The term “trauma” is commonly used in our world today. In fact, we have witnessed several events recently publicized across news media that have been traumatic for many people in different ways. It is also very likely you have experienced something significant during your lifetime that you label as traumatic.
The experience of trauma is unique for each individual, but typically involves experiencing or witnessing an event that is physically threatening to one’s physical self or personal integrity (i.e. a car accident resulting in serious physical injury, or, receiving a diagnosis of a terminal illness). Other examples of traumatic experiences may include military combat, violent personal assault, being kidnapped, or a natural disaster. People may experience trauma as a single incident, multiple incidents, or chronic stress over the course of a lifetime. Most significantly, trauma is an individual experience.
If you or someone you care for has experienced a trauma, you might notice new or different emotional symptoms after the event. For instance, as a caregiver you may notice mood changes in the person you care for, such as an increase in depressive symptoms (for example, tearfulness or a lack of energy). Your loved one might stop enjoying activities they used to enjoy before the traumatic experience. They may appear withdrawn. Changes in appetite or sleep pattern may be present (for example, trouble falling or staying asleep).
If you have experienced a trauma, you may notice an increase in nightmares after the event. You may avoid situations that remind you of the incident and trigger strong emotions (for example, avoiding driving on a road where a car accident occurred). Sometimes, people feel like they are re-experiencing the event, which can feel like a hallucination or “flashback.”
Attempting to find normalcy in your life can be very difficult after a trauma. Both survivors of trauma and their family and friends are impacted in multiple ways. If you would like to learn more about trauma and its impact, or need help finding services, please try using the following resources:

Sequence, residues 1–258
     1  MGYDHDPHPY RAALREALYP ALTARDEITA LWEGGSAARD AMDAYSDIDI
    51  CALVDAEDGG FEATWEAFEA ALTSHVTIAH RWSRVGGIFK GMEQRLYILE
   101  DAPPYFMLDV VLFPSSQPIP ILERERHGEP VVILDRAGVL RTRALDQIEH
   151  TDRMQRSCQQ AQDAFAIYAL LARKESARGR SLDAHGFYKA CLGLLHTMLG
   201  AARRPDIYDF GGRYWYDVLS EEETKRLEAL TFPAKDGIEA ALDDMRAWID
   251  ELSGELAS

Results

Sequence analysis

• The American Psychological Association (http://www.apa.org/topics/trauma/index.aspx).
• The National Center for Trauma-Informed Care (http://www.samhsa.gov/nctic/).
• 2-1-1 Big Bend offers a 24/7 emergency hotline and referral service in the Big Bend region (http://211bigbend.net/).
• NAMI Tallahassee providers support services to consumers are caregivers (www.nami-tallahassee.org/).
• The Apalachee Center, Inc. provides a multitude of behavioral health services (www.apalacheecenter.org).
• Insurance providers often list private practitioners who specialize in trauma services (call or check your individual plan’s website.) If you or a loved one has experienced a trauma, remember that you are not alone. There are many individuals who have similar experiences and agencies ready to provide help and support.
Jennifer Barr, MSW, LCSW is a graduate of the Florida State University. Jennifer is currently the FACT Team Leader at Apalachee Center and has an extensive background in mental health and substance abuse treatment as well as trauma-informed care. She currently serves as a co-facilitator of the Circuit 2 Trauma Informed Care Workgroup in Tallahassee, FL and is an adjunct professor at the Florida State University College of Social Work.
by Jennifer Barr, LCSW